They knew that in all probability they would die, swept beyond South Georgia into an empty antarctic ocean or overpowered and sunk by one of the continuous storms that circle the earth in the latitudes of the ‘furious fifties’. They also knew if they remained on Elephant Island that in all probability they would die of cold, starvation or illness. They chose to rely on themselves and their skills and do what they could while they still had the strength. This is about the end of the voyage Shackleton, Worsley, Crean, McNeish, Vincent and McCarthy made from Elephant Island to South Georgia.
They had come within sight of South Georgia the day before in the middle of a storm but had been unable to find shelter or somewhere to land. Now on the morning of the 9th of May they were still hove-to in a storm with waves breaking over their 6.9 metres long boat ‘James Caird’ and them needing to frequently bail and pump. By noon the storm had risen to a hurricane with squalls of rain, hail, sleet and snow from the southwest and it was driving them toward the mountainous shore. At 2 pm a rift in the clouds and spray showed the cliffs three or four swells away. With disaster reaching for them they set jib, main and mizen sails in a desperate attempt to claw away from the rocks.
Now sailing, the James Caird would gather way then crash into an oncoming wave which would sweep across her to the mast heads. Stalled then charge and crash again. Repeat and repeat. Each wave was like hitting a wall. With each impact the bow planks were sprung open and water spurted in. For the next nine hours this continued while one man would steer and the other five bailed or pumped. Thinking they would die, Worsley later wrote of his regret at bringing his diary and his annoyance that no one would ever know how far they had got. They were still “bailing death overboard” as darkness came.
Pictures of Cave Cove and King Haakon Sound from www.wanderingalbatross.org (2008)
Just before 9 pm they cleared Annenkov Island so close that they had to strain their necks to see above the cliffs but almost immediately they had more space to sail and the wind dropped. By midnight the boat was pumped dry enough for three men to go below and rest. Miraculously they had survived the worst hurricane any of them had experienced in a tiny twenty two foot boat. A 500 ton steamer on route to South Georgia disappeared with all hands.
At daybreak on the seventeenth day thirst and hunger tormented them. Their fresh water was finished and their throats were now too swollen to swallow food. They set sail back northwest to try and make a northern bay but having done so the wind swung to the northwest and, being unable to sail into the wind, forced them to steer north for a fjord called King Haakon Sound some nine miles away. Once again the wind changed and they had to tack, and row in turns, to make it into the sound against both wind and current. As the last light faded they saw a narrow cove to the south and made for it. They beached the James Caird on a rocky beach at nightfall. The rudder was unmounted by rock and washed away.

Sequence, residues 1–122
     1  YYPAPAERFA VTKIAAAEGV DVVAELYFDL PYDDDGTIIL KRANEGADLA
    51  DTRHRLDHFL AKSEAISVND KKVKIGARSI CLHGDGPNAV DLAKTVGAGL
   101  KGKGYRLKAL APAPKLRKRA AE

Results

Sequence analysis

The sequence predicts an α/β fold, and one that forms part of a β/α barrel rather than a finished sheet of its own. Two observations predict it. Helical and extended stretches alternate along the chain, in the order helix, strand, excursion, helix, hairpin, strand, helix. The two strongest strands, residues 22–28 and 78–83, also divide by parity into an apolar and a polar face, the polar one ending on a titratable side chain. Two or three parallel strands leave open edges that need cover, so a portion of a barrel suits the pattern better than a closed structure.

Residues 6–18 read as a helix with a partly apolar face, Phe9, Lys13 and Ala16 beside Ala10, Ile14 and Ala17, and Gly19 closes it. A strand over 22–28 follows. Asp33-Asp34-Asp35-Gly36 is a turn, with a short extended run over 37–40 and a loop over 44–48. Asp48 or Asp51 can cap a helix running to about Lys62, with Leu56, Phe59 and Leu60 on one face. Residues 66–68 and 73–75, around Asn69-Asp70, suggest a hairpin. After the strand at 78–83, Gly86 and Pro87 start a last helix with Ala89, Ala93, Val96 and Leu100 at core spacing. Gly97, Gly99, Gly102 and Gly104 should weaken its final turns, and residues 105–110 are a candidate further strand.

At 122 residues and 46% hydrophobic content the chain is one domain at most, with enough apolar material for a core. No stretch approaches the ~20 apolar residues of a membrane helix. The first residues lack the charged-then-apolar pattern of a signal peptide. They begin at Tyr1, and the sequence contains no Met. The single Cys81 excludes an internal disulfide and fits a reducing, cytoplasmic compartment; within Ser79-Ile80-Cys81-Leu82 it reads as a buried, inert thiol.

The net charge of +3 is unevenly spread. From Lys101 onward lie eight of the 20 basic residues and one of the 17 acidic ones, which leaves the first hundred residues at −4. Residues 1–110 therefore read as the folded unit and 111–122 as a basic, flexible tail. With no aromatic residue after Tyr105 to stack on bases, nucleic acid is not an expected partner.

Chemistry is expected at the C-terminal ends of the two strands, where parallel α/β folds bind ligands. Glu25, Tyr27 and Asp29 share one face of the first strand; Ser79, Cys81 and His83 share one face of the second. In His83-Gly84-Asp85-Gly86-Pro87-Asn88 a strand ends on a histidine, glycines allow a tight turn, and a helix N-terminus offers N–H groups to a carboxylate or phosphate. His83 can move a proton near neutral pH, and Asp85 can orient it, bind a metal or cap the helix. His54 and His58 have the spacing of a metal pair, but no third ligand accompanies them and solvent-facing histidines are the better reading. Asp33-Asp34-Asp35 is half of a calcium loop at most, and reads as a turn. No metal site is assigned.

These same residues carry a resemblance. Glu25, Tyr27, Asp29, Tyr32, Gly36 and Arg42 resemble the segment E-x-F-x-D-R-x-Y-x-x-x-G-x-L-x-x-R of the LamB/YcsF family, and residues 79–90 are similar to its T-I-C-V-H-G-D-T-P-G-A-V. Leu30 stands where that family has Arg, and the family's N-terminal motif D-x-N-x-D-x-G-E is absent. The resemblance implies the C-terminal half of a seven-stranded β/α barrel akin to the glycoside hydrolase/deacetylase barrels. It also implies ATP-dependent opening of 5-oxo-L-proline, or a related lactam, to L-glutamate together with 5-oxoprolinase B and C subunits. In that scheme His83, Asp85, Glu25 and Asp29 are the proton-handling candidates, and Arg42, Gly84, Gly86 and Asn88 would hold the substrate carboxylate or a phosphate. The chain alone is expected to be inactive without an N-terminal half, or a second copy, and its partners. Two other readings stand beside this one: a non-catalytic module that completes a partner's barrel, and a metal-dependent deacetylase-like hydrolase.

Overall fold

They unloaded the boat, found fresh water and had a meal while one man held the boat. They were too weak to lift the boat above the waves but tied it to rocks. Crean found a cave that provided shelter. At 2 am on the 11th of May the boat broke free of the rocks, Crean had caught it but had almost been dragged out to sea. No more sleep for them that night. From then until dark, using the masts as rollers they hauled the James Caird clear of the water. Worsley estimated that fit men could have done the job in an hour.
In the following days, aided by abundant fresh water, fresh meat from albatross and sea elephant and adequate shelter, from a shallow cave on the shore, they started to recover. Shackleton made the decision that their best hope was to cross the island on foot to the whaling stations on the north coast so their voyage was over - but not the journey.
100 years ago today they moved their camp from Cave Cove to the head of King Haakon Sound and set up base, Peggotty Home, underneath the upturned James Caird, in readiness for the expedition over the mountains.